October 31, 2017

Classic Oak Cardigan

Quite possibly, I should have posted about E's Little Grey Cardigan before sharing the cardigan that I made for her daddy - but that's not the way things work around here.  But - you will need a bit of the back story. 

So - when The Princess and The Sports Writer found out they were expecting, well they decided not to find out what they were having!  What's a crafty momma to do?  Well, I knit a grey sweater for the baby - could go either way, gender wise.  But while I was making it - I thought, wouldn't it be nice if I made something for The Sports Writer? So, I found a similar pattern ordered yarn and then moved across the country.  

Once we got settled - I got started knitting this bad boy.  Originally I had hoped to have it done by the baby shower - but that didn't happen - see moved across the country.  I finished this sweater this summer and then held it ransom until the kids came out here and I could get photos.  Ravelry says I started this sweater on November 12, 2016 and finished on August 30, 2017.  This was not my only project during that time.  

 So, as I said, I held this sweater ransom until the kids came out and I could get some pictures of it.  I wanted some of them together and some of them separate - but I'll take what I got.  

I'm so happy with the fit of this sweater - the sleeves are long enough, the length is perfect.  It's not too big - which I was worried about and the shawl collar is perfect.  

Here you can see the back of both sweaters - Daddy's sweater has more cabling than E's - but I love them both.  While the shoulder seams look a little bit dropped - that is the style of the sweater.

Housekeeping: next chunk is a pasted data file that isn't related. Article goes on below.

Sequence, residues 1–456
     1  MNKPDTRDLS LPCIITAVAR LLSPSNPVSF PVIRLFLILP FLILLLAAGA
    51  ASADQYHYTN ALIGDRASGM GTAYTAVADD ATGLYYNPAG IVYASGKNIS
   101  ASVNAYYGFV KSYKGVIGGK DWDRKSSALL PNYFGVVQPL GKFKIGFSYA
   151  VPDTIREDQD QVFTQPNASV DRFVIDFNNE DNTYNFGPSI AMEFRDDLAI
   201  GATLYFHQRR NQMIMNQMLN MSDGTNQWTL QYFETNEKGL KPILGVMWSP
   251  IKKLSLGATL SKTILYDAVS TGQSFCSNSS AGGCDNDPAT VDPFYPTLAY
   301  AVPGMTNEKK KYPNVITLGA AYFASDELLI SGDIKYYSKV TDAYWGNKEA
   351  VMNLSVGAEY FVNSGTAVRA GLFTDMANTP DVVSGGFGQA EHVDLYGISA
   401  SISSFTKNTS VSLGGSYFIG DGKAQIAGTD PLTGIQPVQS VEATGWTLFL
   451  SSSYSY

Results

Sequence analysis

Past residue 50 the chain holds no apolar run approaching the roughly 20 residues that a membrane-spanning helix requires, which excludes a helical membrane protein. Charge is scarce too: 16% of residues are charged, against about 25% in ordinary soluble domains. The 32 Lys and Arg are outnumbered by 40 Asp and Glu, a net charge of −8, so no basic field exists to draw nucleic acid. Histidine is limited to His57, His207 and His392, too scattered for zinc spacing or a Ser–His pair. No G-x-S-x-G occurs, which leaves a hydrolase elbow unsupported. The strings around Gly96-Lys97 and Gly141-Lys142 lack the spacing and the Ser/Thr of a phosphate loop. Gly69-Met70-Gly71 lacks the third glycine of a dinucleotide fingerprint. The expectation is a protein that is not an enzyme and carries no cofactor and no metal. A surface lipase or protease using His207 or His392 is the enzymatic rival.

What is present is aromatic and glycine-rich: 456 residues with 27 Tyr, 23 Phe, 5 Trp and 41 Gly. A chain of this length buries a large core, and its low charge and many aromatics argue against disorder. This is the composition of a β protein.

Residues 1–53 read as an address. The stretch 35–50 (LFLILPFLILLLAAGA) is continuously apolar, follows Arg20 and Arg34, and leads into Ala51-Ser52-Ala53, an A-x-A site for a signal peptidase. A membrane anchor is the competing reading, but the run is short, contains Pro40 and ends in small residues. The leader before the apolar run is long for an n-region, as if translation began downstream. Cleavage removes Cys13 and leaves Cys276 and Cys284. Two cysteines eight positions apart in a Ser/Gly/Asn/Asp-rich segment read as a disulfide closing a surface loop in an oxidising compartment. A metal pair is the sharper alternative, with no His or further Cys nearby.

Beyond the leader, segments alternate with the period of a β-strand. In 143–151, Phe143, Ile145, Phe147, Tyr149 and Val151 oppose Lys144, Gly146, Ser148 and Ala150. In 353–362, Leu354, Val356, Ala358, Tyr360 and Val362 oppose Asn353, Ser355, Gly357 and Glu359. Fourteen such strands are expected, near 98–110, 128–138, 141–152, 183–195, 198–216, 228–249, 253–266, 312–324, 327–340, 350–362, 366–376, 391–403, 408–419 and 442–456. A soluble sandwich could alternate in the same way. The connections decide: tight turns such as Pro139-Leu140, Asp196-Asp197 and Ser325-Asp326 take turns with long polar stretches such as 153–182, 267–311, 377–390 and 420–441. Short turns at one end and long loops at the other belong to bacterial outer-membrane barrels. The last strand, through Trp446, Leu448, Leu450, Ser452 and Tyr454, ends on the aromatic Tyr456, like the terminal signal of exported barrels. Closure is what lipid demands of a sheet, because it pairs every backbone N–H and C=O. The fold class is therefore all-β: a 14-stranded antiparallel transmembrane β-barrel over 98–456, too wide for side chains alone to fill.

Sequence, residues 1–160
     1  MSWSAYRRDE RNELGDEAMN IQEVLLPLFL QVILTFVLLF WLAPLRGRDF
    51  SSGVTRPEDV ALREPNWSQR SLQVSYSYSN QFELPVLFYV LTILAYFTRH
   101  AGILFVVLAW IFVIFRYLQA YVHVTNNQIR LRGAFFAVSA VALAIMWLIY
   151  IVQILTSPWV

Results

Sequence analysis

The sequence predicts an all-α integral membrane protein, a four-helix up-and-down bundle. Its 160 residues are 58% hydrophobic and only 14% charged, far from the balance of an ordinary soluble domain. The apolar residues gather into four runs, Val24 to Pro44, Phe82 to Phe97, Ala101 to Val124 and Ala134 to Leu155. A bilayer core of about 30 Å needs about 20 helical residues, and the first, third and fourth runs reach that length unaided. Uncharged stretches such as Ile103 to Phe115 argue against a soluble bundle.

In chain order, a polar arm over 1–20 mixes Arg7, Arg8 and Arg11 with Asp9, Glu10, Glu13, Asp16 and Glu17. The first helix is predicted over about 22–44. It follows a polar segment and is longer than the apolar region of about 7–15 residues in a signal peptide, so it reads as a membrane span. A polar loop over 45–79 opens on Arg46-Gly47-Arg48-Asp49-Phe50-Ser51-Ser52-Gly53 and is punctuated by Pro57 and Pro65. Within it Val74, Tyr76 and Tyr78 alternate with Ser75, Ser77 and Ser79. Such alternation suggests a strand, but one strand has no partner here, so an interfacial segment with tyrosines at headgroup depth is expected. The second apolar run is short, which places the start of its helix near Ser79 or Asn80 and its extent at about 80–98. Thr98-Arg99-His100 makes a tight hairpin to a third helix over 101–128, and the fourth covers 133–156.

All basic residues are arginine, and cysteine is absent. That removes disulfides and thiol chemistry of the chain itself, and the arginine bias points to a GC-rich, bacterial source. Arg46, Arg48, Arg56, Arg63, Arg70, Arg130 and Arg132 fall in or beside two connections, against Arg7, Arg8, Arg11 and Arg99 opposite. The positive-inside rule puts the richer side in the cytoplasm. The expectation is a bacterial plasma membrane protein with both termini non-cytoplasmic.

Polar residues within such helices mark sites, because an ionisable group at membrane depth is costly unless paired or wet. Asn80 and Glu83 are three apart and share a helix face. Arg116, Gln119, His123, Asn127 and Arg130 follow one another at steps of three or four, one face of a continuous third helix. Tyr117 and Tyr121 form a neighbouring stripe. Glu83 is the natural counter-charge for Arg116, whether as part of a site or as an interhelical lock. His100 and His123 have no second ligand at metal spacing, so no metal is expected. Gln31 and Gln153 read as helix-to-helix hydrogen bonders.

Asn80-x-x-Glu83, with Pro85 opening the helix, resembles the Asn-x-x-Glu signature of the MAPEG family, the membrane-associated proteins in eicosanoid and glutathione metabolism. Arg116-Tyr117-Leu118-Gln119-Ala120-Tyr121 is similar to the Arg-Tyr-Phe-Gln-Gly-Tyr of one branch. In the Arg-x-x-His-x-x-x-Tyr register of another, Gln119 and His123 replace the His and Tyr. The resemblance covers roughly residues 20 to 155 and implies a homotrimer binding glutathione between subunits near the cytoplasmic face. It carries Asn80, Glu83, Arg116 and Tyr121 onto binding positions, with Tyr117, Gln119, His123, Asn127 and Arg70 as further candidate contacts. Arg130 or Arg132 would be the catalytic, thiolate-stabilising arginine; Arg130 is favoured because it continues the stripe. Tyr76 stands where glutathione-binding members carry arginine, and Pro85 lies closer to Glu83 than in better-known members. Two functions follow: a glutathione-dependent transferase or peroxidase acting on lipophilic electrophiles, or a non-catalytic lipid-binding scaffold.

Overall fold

Here you get a glimpse of E's sleeve and the cable panel on the front of Daddy's sweater.  This was a fun project and one I'm glad I took on.  Both sweaters were made with Cascade 220 in shades of gray.  Both of the sweaters close with leather buttons.  And both of them have their cuffs rolled up :)  

Thanks for letting me make these lovely sweaters for the family. 

October 24, 2017

Print Matching

While my wardrobe has become decidedly more casual - JB's has become a bit more dressy - if you will.  See - he helps in the kitchen in the morning, preparing the first course, helping plate & serve the main course and doing the dishes.  So, he's started wearing his bowling shirts with jeans.  Now he had quite a few that we've purchased over the years in Hawaii, Key West and at Disney and I've made him a few.  But he wanted more.  

The more I've made, the more I've wanted to get better at pattern matching over the button placket.  I still haven't figure out how to match the pattern at the side seams as well - but I figure the side seams aren't as noticeable as the button placket.  

So, I have no idea if this is right - but it's what I do and it works for me.  I thought maybe it would help some one else.  So - here goes nothing.